My first ‘as a mother’ inspired outburst was when I learned of the 31 year old asylum seeker, who was transported from Nauru to give birth to her baby at Brisbane’s Mater Hospital.  Delivery was by c-section and the baby boy, Farus, was born with respiratory problems and had to be cared for in the neonatal special unit at the hospital.

However just four days after giving birth, the mother Latifa, was discharged and then confined to the Brisbane Immigration Transit accommodation, 20 minutes away.   She was only allowed to visit her baby boy between 10am and 4pm, as per the hospitals visiting hours.  It is claimed that her husband, who is also detained, was not given access to visit his son.

It’s important to note here that the hospital has rebuked the Government’s claims that they were responsible for enforcing the visiting time rules.  The hospital said in a statement:

“Once a Mum is clinically well enough to go home, she is discharged from hospital, but is encouraged to be involved in the baby’s care wherever possible to help establish her bond with her baby.  Mater places no restrictions on women and they can visit their baby anytime where possible.”

But I suppose that Mum, (after having major surgery) is a threat to national security right?

So I swallowed down that news with difficulty, and swore and ranted for a bit about the Government and our apathy and at the fuckedness of it all.

And then I read this and cried…

“A profoundly disabled four-year old Tamil asylum seeker in a Brisbane detention facility will be transferred offshore along with her father, probably to Nauru.” (The Global Mail)

Cared for by her father, apparently the girl cannot talk or walk, and is confined to a wheelchair.   She was separated from her mother and siblings in Sri Lanka as they boarded the boat for Australia. (Her Mum was arrested and later released.)

What is even more shocking is how she became disabled. A victim of a bomb blast in her homeland Sri Lanka, she was struck by shrapnel while in-utero and was badly injured.  So before this kid was even born, she was in immediate and mortal danger.

Immigration Minister Scott Morrison has reiterated his hard-line stance on the processing of asylum seekers who arrived by boat after July 19 this year.

“It doesn’t matter whether you’re a child, it doesn’t matter whether you’re pregnant, it doesn’t matter whether you’re a woman, it doesn’t matter if you’re an unaccompanied minor, it doesn’t matter if you’ve got a health condition – if you are fit enough to get on a boat, then you can expect you’re fit enough to end up in offshore processing.”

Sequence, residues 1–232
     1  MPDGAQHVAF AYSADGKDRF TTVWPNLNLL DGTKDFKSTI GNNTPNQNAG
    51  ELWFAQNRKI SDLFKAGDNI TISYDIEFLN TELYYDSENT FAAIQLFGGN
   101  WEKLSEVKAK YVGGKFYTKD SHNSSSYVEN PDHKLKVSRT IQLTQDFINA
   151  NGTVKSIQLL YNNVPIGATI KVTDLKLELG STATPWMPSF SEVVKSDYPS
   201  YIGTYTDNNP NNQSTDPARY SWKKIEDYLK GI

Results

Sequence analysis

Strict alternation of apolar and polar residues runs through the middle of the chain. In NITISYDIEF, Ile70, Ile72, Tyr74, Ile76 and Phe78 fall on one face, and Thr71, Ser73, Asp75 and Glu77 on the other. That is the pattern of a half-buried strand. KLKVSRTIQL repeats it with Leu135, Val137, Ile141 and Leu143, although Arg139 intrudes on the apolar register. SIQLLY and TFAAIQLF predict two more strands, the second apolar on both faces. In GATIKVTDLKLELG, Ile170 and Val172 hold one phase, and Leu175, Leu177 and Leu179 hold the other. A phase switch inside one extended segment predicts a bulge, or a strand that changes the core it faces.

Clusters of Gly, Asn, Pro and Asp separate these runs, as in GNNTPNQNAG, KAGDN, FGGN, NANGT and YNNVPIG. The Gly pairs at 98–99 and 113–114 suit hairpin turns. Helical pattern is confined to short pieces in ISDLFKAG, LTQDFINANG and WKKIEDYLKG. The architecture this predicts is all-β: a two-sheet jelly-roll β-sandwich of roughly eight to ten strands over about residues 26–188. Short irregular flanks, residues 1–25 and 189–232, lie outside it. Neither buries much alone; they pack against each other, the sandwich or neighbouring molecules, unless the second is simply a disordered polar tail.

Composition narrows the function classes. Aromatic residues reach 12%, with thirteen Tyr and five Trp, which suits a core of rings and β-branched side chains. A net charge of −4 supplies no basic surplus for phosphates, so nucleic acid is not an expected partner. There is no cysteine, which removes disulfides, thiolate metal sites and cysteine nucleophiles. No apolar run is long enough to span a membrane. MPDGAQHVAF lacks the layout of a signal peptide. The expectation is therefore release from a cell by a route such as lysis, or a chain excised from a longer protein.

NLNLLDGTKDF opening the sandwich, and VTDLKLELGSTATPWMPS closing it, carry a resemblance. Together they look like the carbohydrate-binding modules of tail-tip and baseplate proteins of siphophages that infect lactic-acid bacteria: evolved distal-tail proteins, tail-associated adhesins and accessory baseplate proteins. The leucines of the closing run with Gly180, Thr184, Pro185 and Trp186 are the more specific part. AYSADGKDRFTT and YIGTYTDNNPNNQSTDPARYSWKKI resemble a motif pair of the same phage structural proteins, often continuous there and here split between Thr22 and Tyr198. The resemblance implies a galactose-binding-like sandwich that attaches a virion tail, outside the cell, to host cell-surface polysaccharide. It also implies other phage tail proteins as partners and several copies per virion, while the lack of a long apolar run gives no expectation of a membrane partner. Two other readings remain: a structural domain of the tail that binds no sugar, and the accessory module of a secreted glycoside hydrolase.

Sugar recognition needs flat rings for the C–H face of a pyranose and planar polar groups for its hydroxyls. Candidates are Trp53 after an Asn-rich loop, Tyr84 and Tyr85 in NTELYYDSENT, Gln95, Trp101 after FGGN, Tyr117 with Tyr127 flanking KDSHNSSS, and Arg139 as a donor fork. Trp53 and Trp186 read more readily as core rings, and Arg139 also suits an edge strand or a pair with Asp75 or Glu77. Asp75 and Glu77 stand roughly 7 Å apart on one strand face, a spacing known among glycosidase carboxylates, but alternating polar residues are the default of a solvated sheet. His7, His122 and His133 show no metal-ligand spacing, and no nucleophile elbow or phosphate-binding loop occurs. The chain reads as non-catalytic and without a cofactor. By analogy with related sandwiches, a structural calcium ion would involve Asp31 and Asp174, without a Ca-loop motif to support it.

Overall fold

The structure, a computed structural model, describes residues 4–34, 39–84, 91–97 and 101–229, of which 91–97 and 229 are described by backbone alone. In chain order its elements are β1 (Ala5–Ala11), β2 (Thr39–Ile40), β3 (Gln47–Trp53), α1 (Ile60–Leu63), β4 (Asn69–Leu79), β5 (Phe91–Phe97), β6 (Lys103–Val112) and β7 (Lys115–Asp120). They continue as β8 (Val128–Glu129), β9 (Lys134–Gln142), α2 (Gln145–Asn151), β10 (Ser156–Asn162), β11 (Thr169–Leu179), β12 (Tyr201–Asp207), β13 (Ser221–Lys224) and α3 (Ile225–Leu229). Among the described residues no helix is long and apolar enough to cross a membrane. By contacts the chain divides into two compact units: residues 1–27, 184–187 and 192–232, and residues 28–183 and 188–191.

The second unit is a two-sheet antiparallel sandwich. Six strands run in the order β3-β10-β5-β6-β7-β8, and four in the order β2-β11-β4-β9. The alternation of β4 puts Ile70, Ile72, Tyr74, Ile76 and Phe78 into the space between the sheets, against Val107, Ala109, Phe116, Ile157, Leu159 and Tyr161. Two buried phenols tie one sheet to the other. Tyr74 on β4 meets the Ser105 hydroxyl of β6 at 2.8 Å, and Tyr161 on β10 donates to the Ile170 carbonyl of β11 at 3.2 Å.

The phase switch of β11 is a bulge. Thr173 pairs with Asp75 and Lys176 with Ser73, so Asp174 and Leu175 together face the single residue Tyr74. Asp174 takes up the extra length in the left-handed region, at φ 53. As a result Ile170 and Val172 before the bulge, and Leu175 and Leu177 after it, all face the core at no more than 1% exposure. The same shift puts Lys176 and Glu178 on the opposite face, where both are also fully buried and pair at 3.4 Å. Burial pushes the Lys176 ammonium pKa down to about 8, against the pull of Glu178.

The girl boarded the boat strapped to her father.

Morrison is satisfied that the Nauru detention facility is suitable for disabled children, and says its equipped to handle medical cases like this with appropriate care.

However, according to The Global Mail, a nurse with over 40 years-experience, likened the Centre to a concentration camp, after she worked there for three weeks.  Oh, and that little human rights organisation Amnesty International, reckon the conditions are deplorable.

I’m finding this really hard to write about, and even harder to accept.  But here is what I know to be true.  The medical facilities on Nauru will not be enough.  Will there be a physiotherapist?  A speech therapist?  A child psychologist on hand to care for her?  Will she be given access to the right medicine, and pain management techniques?  Are there ramps for all the doorways?  Is there a toilet/bathroom with a hoist?

Just because she is physically disabled does not necessarily mean she is intellectually disabled.  She may be just like any other four year old on the inside.  She’ll miss her Mum, and be confused, and will need stimulation, communication and education like any other tot her age.

Three years ago, I said goodbye to a very special person who was also severely disabled.  He was adventurous, funny, and brave.  In his short time, he contributed more to his community, his school and his family than most people do in a lifetime.  He couldn’t talk or walk either.